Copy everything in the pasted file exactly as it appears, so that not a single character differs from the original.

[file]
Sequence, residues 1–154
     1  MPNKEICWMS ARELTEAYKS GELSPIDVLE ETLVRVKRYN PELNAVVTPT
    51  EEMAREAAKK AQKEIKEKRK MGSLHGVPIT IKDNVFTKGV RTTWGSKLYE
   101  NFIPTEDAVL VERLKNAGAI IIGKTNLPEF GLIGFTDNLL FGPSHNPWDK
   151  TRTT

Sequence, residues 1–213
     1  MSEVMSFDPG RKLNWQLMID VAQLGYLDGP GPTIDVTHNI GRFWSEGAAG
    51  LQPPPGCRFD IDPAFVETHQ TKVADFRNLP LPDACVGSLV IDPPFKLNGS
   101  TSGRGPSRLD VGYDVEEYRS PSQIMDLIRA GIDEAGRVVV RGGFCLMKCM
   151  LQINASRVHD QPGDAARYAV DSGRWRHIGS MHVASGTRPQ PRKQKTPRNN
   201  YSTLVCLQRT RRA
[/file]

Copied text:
Sequence, residues 1–154
     1  MPNKEICWMS ARELTEAYKS GELSPIDVLE ETLVRVKRYN PELNAVVTPT
    51  EEMAREAAKK AQKEIKEKRK MGSLHGVPIT IKDNVFTKGV RTTWGSKLYE
   101  NFIPTEDAVL VERLKNAGAI IIGKTNLPEF GLIGFTDNLL FGPSHNPWDK
   151  TRTT

Sequence, residues 1–213
     1  MSEVMSFDPG RKLNWQLMID VAQLGYLDGP GPTIDVTHNI GRFWSEGAAG
    51  LQPPPGCRFD IDPAFVETHQ TKVADFRNLP LPDACVGSLV IDPPFKLNGS
   101  TSGRGPSRLD VGYDVEEYRS PSQIMDLIRA GIDEAGRVVV RGGFCLMKCM
   151  LQINASRVHD QPGDAARYAV DSGRWRHIGS MHVASGTRPQ PRKQKTPRNN
   201  YSTLVCLQRT RRA